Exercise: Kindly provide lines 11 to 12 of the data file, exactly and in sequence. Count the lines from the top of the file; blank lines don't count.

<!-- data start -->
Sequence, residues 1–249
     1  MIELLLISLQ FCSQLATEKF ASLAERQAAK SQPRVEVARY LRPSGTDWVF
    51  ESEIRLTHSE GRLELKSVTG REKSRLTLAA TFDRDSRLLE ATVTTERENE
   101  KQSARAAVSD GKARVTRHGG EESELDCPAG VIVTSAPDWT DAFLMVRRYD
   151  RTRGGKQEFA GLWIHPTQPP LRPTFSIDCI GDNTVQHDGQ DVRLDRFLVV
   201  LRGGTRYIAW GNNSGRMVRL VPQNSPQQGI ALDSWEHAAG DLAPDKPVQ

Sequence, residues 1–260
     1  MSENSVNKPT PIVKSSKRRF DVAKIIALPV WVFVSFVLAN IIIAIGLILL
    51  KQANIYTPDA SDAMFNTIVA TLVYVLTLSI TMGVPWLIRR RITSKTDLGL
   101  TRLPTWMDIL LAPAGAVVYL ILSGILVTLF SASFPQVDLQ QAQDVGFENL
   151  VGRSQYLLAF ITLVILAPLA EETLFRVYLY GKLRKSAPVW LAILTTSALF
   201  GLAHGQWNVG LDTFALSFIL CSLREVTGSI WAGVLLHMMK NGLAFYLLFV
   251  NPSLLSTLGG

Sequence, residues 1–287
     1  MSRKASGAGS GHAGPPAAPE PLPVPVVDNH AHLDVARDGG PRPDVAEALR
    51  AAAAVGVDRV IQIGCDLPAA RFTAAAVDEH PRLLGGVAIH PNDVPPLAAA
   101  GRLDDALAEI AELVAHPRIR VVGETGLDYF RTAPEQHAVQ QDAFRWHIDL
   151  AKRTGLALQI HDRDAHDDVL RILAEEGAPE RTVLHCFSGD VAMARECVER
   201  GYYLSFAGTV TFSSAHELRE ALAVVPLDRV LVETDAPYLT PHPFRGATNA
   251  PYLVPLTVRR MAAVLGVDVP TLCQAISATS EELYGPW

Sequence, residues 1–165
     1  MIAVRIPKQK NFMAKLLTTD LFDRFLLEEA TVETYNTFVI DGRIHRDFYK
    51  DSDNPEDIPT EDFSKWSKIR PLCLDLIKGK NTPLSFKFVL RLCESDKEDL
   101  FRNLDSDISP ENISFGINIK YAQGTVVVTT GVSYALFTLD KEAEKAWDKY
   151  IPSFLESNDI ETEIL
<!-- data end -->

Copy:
   151  VGRSQYLLAF ITLVILAPLA EETLFRVYLY GKLRKSAPVW LAILTTSALF
   201  GLAHGQWNVG LDTFALSFIL CSLREVTGSI WAGVLLHMMK NGLAFYLLFV